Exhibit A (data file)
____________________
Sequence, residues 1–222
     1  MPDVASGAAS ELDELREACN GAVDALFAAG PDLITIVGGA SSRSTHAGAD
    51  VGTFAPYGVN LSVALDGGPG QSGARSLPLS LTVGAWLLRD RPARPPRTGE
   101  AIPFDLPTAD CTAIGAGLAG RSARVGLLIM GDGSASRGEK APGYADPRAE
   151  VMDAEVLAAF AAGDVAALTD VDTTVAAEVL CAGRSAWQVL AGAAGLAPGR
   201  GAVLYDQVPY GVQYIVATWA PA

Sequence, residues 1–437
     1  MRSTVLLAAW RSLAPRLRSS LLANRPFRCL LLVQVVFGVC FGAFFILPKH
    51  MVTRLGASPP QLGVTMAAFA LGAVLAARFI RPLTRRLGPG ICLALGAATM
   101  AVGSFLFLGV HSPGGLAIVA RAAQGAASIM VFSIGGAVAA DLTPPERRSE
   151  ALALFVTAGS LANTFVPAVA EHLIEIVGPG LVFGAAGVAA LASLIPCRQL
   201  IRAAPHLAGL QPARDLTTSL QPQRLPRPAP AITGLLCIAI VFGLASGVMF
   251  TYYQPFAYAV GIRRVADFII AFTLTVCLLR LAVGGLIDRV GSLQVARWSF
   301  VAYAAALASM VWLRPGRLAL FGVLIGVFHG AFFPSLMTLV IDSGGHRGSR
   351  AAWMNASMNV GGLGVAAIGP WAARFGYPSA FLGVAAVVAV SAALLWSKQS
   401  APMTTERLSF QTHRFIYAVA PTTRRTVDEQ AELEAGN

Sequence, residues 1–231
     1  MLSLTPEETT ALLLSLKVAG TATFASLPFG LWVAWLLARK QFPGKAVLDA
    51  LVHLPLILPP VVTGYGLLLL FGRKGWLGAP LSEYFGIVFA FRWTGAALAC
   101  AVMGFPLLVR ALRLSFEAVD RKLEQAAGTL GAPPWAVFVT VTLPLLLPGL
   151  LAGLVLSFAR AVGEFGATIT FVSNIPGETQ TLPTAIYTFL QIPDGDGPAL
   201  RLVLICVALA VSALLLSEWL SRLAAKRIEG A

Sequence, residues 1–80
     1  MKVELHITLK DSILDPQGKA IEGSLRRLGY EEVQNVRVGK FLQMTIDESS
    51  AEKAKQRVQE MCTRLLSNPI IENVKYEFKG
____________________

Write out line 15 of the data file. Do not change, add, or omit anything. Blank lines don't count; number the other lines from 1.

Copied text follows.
   351  AAWMNASMNV GGLGVAAIGP WAARFGYPSA FLGVAAVVAV SAALLWSKQS